Big Dig discovery makes international news headlines

A discovery by BU archaeology students and lecturers at the Big Dig site, which could rewrite Roman history, received international media coverage.

Five skeletons were found at the site, in Winterborne Kingston, thought to belong to a Roman family – the first time that evidence of a villa and the villa’s occupants have been found in the same location in Britain.

The story has been featured by national newspapers including The Telegraph, The Times and the Mail Online as well as local coverage in the Bournemouth Echo, Blackmore Vale Magazine and the BBC Dorset website.

The story also gained international media appearances – including coverage in Australia and India – as well as a number of industry specific websites. Over 50 BBC radio stations included the news in their hourly bulletins – giving the story wide national exposure.

The widespread media coverage led to a record-breaking Big Dig Open Day – with more than 1,500 members of the public visiting to explore the site and the discoveries.

Speaking to ITV Meridian at the Big Dig site, Paul Cheetham, Senior Lecturer in Archaeological Sciences and co-director of the project, suggested that this is just the start of many more findings to come.

“It’s a fabulous archaeological site, with material going to almost 4,500 years ago through to the end of the Roman period and possibly beyond to the early Dark Ages.

“We could probably dig here for the rest of our lives and still not discover all of the secrets in this part of Dorset.”

The story caught the attention of the British Council, who interviewed international students working on the dig to promote archaeology at BU to an international audience.

One student, Jessica Fangmann, said, “Everyone’s good friends on the dig and I feel like I’m learning the things I’m interested in. I’m so glad I came to the UK and I think this is a really good experience.”

BU students excavate simulated mass war graves in rural Dorset


BU Master’s students have been out in rural Dorset locating and excavating simulated mass World War I graves.

Around 30 students from the MSc Forensic Osteology and MSc Forensic Archaeology courses at BU spent a week on the Trigon Estate, near Wareham.

The practical exercise involved students working together to locate and excavate simulated mass graves from World War I, using the latest technology and techniques.

Inside the graves were artificial skeletons, complete with artefacts which would have survived in real WW1 mass graves, such as weapons, coins, buttons and personal effects – including photos preserved inside cigarette tins.

Dr Martin Smith, Senior Lecturer in Anthropology, helped to coordinate the simulation.

He said: “It’s really nice exercise that we do that pulls together everything that the students have been doing through the year.

“The anthropologists have learnt lots of theory about the anatomy of the body and how we can interpret types of trauma and disease, how we can tell age and sex and so on.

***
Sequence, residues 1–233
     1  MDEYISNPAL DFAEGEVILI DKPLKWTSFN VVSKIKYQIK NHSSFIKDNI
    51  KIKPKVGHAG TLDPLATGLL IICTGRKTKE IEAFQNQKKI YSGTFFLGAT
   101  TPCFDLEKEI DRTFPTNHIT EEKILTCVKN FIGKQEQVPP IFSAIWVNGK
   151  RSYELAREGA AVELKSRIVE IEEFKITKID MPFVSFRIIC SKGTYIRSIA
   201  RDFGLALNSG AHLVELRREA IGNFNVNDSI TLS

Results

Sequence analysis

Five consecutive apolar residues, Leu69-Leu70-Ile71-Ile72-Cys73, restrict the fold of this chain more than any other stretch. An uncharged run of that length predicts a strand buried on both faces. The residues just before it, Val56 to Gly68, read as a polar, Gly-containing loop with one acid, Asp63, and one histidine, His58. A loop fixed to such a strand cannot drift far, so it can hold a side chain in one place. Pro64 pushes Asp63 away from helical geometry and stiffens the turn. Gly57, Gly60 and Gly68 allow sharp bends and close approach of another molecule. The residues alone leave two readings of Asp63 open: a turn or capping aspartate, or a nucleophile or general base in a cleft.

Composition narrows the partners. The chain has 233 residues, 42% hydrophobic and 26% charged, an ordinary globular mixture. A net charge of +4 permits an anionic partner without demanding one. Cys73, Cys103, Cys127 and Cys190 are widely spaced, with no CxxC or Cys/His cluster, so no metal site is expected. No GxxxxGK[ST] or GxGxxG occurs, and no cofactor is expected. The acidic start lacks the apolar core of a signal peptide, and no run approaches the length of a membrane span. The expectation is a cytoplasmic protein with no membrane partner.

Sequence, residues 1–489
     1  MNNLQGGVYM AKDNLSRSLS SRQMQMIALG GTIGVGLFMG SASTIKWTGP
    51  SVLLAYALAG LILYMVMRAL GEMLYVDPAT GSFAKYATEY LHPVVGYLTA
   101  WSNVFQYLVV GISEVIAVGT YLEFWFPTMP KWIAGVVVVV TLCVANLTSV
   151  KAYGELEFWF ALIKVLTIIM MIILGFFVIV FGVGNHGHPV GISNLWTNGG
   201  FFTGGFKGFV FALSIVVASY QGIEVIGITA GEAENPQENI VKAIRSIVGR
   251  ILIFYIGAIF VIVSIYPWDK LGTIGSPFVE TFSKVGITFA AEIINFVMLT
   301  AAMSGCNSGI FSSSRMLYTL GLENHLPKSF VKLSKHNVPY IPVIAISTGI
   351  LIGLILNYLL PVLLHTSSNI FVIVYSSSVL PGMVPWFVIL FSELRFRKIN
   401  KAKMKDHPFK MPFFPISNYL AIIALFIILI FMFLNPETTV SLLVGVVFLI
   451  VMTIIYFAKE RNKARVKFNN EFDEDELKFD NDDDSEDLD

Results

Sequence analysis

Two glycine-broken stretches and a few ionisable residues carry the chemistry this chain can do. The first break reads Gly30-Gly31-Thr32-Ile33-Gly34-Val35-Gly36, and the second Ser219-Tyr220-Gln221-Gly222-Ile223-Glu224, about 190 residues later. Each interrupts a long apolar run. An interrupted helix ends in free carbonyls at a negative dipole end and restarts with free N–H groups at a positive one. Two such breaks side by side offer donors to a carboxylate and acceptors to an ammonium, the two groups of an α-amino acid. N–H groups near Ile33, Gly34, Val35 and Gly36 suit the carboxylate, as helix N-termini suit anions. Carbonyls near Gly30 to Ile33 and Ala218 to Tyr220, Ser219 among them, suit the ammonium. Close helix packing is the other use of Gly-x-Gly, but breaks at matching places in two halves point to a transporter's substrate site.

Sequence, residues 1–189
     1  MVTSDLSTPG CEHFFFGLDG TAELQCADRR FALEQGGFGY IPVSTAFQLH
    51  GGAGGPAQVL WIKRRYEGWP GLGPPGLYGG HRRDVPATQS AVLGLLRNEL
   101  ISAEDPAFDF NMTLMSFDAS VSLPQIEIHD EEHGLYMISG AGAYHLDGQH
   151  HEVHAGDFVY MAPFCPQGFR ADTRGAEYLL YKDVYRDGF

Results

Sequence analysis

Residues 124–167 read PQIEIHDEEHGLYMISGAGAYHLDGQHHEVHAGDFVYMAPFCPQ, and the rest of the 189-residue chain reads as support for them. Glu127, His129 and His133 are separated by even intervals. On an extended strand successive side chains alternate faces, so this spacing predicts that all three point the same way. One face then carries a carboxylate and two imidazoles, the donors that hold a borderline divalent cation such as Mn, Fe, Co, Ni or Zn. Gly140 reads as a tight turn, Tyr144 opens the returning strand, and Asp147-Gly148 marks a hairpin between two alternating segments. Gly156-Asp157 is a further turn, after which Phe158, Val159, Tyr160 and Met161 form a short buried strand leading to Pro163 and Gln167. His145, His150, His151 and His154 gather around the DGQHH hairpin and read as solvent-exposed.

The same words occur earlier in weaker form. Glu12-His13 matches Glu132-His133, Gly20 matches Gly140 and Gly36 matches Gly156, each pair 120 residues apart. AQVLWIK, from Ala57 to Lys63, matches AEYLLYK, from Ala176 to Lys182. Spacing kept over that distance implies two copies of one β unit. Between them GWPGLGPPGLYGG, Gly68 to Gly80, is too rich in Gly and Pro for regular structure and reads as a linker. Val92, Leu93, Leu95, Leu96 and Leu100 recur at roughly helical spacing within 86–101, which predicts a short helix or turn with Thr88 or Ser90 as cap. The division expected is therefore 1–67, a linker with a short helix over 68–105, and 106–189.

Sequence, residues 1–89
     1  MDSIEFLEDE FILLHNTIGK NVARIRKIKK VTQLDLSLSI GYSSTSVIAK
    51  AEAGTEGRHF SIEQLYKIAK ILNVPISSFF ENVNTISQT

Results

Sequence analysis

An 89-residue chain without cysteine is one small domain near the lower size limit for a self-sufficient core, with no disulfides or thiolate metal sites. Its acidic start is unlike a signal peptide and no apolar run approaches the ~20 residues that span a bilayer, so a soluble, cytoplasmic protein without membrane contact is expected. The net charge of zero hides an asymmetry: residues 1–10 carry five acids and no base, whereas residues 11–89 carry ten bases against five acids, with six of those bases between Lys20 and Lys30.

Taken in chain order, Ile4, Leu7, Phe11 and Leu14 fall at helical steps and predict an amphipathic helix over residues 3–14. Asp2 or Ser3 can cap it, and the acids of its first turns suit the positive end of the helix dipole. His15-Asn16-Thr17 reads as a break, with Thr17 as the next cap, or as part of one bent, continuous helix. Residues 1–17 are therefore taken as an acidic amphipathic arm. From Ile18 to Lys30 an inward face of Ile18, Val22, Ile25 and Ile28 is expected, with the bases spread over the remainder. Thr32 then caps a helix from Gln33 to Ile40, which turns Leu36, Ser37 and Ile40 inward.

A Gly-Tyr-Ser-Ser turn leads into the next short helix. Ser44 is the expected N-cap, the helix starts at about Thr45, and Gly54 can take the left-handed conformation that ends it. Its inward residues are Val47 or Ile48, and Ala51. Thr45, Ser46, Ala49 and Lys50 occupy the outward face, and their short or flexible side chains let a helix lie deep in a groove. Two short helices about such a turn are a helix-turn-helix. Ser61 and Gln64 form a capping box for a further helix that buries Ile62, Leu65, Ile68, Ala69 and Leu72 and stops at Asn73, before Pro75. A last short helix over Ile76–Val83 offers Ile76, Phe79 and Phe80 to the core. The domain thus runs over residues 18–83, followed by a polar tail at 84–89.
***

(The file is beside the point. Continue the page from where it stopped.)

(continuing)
“The archaeologists have done all sorts of work on how we can find buried remains and how we can excavate them in a controlled and scientific manner.

“This allows us to get them to work together as a team, pull together everything that they have done and put it into practice.”

He added: “Although it’s a very artificial exercise, what we really want them to get out of it is about the process and doing these things in a planned and a controlled manner.”

As well as putting the theory and skills that they have learnt into practice, students also got a taste of how it is to work alongside each other in the field.

Paul Cheetham, Programme Coordinator for the MSc in Forensic Archaeology, said: “It pulls it all together – not only their specialist skills but also working alongside their natural colleagues that they would work with in the field in a professional capacity.

“It really does bring together this idea of working as a team, and bringing different skills together to solve problems.”

The work will now continue back in the labs – the artificial skeletons will be replaced with real ones, and students will have to use the evidence they have found through excavating the graves to write a report, trying to identify the soldiers and how they died.

They will then have to the chance to practice presenting their findings in court, at a mock war graves commission.

Students involved in the simulation said that they felt they had already learnt a lot.

MSc Forensic Archaeology student Elizabeth Knox, who had come from Sydney, Australia to study at BU, said: “It’s very realistic and it is preparing us well.

“We all have to be extremely professional, use all the skills that we’ve come across and work closely with the forensic osteologists.”

MSc Forensic Osteology student Sarah Clark added: “I’ve really enjoyed it, and I’ve learnt the importance of working with different disciplines to get results.

“We’ve all been working together and we know more about bones, and they know more about digging, so it’s been brilliant to be able to talk to them whenever we’ve not been sure of something.”

Find out more about studying MSc Forensic Archaeology and MSc Forensic Osteology at BU